Southworth Gammons, my 4th great grandfather was born in Middleboro Massachusetts in 1769. He died on July 25, 1827, suddenly, it is written, by opium. Now that caught my attention and I just had to learn more.
At the beginning of the 19th century, opium was used as an everyday remedy for common ailments. Even President Harrison was treated with opium in 1841. During the Civil War the Union Army used opium, a predecessor to morphine. They treated conditions such as malaria, known as "ague".
My 2nd great grandfather, Philip Roesch, who served in the Civil War wrote in his diary that he suffered from the ague and was put on a ship with others that were sick. He wrote, "The person at my head, and to the left and right side of me rolled over in death, yet I continued to get well". Now I realize that he too was most likely treated with opium.
Other ailments treated with opium included rheumatism, diarrhea, excessive drinking, and even childbirth. So now I can include my great grandmothers and great aunts for they too might have treated? Opium was known as "God's Own Medicine".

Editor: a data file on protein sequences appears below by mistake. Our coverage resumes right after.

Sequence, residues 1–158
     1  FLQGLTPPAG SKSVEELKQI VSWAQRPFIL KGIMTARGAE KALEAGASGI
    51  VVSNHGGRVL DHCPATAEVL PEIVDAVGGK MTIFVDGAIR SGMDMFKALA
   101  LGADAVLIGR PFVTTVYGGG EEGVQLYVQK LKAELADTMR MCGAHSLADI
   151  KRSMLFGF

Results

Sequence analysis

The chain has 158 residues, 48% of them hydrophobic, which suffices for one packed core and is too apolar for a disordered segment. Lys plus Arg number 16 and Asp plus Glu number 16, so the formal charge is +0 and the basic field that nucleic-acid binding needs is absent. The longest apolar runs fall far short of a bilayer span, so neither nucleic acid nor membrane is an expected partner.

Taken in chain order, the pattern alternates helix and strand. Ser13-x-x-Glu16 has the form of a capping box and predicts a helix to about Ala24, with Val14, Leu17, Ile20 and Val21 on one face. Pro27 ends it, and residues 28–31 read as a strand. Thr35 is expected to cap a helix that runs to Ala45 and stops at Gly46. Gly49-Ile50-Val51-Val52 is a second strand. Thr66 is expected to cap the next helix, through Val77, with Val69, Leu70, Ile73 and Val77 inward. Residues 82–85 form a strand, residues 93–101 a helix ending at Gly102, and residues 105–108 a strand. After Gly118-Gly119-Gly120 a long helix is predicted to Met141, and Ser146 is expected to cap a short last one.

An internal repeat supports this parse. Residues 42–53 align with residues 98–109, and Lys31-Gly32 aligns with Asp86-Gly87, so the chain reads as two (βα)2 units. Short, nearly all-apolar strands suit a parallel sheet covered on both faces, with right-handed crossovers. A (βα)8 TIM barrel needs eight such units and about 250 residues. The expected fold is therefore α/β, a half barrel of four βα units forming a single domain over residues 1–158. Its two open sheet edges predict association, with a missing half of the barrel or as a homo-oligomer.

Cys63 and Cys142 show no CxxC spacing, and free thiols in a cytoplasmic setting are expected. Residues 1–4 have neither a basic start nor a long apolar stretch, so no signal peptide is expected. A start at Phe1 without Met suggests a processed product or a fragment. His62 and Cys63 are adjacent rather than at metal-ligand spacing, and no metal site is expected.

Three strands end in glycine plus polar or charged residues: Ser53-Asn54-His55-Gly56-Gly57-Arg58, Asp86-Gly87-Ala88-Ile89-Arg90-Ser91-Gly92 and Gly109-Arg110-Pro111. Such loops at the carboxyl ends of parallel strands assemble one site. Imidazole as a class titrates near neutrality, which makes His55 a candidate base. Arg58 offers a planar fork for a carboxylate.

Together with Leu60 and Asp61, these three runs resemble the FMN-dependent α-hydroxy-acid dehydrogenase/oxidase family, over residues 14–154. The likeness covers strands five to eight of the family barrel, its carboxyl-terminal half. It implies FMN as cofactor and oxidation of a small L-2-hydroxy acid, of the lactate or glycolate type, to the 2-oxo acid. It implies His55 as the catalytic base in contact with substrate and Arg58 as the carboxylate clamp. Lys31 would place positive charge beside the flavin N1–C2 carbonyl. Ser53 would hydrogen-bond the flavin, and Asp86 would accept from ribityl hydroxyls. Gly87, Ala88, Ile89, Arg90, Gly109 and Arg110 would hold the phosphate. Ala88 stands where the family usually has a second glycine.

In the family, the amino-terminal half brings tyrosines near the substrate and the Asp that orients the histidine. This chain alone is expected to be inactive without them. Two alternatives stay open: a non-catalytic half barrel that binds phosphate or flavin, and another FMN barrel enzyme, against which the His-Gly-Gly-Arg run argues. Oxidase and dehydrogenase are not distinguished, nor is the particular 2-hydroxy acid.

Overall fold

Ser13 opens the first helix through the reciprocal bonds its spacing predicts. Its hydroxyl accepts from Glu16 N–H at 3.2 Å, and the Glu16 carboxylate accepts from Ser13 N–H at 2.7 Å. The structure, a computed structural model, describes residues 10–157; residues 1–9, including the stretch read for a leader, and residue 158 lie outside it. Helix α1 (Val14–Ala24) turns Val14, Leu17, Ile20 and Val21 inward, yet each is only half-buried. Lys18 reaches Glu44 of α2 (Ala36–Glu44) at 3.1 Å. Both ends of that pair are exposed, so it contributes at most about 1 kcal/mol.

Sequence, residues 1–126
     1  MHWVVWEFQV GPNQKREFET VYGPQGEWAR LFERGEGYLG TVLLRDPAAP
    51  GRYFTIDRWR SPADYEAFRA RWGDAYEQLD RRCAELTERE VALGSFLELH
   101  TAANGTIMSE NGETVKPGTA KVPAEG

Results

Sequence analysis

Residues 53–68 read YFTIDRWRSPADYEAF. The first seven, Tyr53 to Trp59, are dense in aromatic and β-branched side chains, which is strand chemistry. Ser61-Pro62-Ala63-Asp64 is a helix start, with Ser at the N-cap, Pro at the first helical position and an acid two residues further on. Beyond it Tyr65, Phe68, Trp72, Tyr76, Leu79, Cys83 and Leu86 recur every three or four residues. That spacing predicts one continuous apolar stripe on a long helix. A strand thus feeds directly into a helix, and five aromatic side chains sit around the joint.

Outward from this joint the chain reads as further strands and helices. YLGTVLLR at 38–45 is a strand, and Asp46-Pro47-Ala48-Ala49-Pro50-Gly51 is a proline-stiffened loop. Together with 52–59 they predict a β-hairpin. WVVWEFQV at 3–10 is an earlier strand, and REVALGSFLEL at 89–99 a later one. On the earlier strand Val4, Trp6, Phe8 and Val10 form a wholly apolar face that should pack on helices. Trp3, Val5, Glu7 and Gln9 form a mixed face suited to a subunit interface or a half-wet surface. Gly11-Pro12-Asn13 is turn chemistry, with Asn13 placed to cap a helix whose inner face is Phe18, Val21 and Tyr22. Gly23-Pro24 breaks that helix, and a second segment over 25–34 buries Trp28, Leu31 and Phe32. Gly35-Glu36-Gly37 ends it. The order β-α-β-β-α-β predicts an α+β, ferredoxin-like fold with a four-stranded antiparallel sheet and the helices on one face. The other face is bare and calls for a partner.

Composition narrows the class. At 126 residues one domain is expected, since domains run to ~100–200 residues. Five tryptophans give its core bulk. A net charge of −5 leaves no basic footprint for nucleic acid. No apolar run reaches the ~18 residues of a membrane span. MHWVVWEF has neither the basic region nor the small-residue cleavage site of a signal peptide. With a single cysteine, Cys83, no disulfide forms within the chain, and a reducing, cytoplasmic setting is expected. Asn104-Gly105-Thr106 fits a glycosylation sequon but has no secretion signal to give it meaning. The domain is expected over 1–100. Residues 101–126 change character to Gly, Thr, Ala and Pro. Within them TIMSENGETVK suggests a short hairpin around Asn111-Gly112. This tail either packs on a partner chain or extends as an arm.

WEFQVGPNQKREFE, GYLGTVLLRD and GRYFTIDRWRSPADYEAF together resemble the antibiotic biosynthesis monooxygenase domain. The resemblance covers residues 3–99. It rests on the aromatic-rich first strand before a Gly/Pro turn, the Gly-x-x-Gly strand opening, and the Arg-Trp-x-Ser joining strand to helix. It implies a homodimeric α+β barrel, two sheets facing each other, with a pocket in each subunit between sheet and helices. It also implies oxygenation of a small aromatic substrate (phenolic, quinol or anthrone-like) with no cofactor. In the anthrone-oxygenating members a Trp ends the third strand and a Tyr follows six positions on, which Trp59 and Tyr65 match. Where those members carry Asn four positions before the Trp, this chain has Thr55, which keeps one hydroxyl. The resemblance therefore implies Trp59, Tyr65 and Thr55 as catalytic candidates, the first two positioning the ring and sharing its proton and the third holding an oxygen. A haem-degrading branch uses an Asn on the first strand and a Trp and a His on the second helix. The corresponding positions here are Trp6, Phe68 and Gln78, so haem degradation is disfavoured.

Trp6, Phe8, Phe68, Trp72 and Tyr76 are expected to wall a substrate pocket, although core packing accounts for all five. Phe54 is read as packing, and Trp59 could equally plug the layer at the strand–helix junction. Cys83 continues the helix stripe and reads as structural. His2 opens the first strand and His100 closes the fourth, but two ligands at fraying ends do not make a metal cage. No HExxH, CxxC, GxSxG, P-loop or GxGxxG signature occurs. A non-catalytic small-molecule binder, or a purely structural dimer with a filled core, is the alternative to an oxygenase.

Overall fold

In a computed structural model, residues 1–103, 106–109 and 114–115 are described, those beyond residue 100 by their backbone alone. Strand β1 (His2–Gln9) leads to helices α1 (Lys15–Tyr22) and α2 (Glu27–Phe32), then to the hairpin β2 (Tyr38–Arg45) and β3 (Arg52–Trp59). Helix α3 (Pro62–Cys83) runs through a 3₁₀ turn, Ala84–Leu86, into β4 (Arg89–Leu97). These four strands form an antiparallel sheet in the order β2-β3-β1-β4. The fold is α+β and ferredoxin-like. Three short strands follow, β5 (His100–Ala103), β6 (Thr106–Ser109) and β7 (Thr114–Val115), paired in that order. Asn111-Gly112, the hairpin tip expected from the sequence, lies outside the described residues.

I wonder how many ancestors were treated with opium and perhaps even died because they became addicted?
The acceptance of opium was so general that societies gave awards for growing the poppy and medical practitioners were among the prize winners. It wasn't until 1879 that a growing number of doctors documented the dangers of addiction with opium use. It wasn't classified as a dangerous drug until 1920.
So where does this lead us? Remember the Wizard of Oz and that massive field covered in poppies. Poor Dorothy, the lion, and the scarecrow all fell asleep. I guess they had a massive overdose of opium. That witch really was wicked. The book was written in 1900, 20 years before opium was declared a dangerous drug.
Oh well, the Wizard of Oz is still a good movie. Just close your children's eyes and ears as Dorothy and the gang run across the opium field.